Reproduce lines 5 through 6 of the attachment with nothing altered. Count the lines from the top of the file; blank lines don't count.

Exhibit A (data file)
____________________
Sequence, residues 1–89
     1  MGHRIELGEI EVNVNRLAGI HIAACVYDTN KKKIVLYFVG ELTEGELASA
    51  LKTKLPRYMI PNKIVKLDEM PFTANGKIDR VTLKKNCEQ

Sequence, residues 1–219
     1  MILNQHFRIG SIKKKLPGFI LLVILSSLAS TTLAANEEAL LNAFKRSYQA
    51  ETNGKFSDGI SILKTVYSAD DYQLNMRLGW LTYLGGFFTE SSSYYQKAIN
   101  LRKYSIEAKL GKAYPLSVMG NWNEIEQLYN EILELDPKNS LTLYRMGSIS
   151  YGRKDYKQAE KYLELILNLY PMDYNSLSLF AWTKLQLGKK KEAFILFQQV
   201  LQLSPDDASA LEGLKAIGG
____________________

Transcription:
     1  MILNQHFRIG SIKKKLPGFI LLVILSSLAS TTLAANEEAL LNAFKRSYQA
    51  ETNGKFSDGI SILKTVYSAD DYQLNMRLGW LTYLGGFFTE SSSYYQKAIN